Kaikoura is famous for one thing - Whales. There’s a deep trench just offshore here which is a feeding ground for male Sperm Whales (particularly during the summer months) and as a bonus the coast is on the migratory routes of various other species, notably the Humpback and the Orca. Dolphins are also frequent visitors to the area and just to add icing to the cake, there are several seal colonies nearby - plenty to keep the visitors happy should the Whales proove to be shy.

Whale Back

Not only is the area home to all this marine life, but it’s pretty spectacular too. The land rises quickly from the coast, so that on a clear day a range of snow-capped peaks forms an impressive horizon. The low vegetation and grey sands lend the place a wild, windblown aspect. Human impact is extensive, but blends well into the landscape - despite the volumes of tourists who pile through daily hoping to catch a glimpse of the Whales, Kaikoura retains a fairly untouched feel.


There seems to be only one company doing Whale watching boat trips (although you can also do areoplane and helicopter trips) - Whale Watch Kaikoura. But it’s got to be done, and it was worth it, all $110 per person. Although we didn’t see any Orca or any Humpbacks, we did see so many Dusky Dolphins that they filled the sea for what seemed like miles on each side of the boat.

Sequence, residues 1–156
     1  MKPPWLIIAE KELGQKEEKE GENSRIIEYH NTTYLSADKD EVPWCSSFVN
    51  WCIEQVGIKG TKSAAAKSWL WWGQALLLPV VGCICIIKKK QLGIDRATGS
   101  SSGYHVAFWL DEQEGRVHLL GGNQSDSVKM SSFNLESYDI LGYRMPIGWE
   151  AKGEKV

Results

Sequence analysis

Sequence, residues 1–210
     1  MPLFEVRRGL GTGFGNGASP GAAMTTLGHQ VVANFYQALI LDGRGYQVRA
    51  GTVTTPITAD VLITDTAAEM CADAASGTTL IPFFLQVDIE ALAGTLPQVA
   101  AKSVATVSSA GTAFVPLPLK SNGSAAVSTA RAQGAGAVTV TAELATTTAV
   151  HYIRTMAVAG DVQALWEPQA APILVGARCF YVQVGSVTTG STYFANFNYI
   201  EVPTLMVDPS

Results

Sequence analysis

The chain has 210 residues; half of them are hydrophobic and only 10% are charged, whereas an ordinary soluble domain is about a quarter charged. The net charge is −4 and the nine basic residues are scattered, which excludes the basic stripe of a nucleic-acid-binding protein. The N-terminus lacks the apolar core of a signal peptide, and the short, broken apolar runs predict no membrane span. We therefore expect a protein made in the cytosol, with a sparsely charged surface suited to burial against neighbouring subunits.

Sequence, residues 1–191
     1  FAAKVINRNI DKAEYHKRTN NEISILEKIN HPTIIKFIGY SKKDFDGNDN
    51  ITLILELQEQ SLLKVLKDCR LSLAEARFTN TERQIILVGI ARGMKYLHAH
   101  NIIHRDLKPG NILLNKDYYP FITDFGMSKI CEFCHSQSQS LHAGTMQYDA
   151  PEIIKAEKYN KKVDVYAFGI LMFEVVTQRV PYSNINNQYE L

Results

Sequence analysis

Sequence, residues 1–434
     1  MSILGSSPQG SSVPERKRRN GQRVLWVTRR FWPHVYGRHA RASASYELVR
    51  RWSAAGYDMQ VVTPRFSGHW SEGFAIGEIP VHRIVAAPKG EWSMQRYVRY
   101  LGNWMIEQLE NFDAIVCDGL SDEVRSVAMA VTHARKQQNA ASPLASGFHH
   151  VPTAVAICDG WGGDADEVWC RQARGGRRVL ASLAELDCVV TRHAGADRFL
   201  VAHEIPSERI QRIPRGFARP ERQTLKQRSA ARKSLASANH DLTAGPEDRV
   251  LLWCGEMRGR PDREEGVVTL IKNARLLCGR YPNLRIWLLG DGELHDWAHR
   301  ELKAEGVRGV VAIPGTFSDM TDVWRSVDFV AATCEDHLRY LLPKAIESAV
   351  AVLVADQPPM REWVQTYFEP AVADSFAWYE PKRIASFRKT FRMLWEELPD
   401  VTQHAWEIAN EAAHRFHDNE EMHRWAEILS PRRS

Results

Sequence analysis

They were incredibly inquisitive, splashing and surfing in the wakeof the boats and coming right alongside. Amazingly gaceful, and so fast.

Dolphins (1)

We also saw three Sperm Whales (actually, two of the sightings were of the same individual, some time apart). The boats are forbidden by law to get much closer than 15 metres, but we got great views of them venting and the classic tail in the air as they dive for the next hunt.

Whale Tail

One thing that allegedly attracts the Sperm Whales to hunt in the Kaikoura Trench is the known presence of the Giant Squid, Architeuthis Dux, deep below (and what about the Colossal Squid, Mesonychoteuthis hamiltoni?). Althouh no live specimins have been sighted, they’re existence is known due to the sucker-marks found on Sperm Whales and because every so often a dead one is washed ashore.

Unfortunaltely we didn’t become the first recorded people to witness the surfacing of either the Giant or the Colossal Squids, but we did see some Albatrosses up close, as well as some seals.

Seabird Seal

All in all, a good trip and a fine way to spend an afternoon. Nature, as always, provides some of the best entertainment available.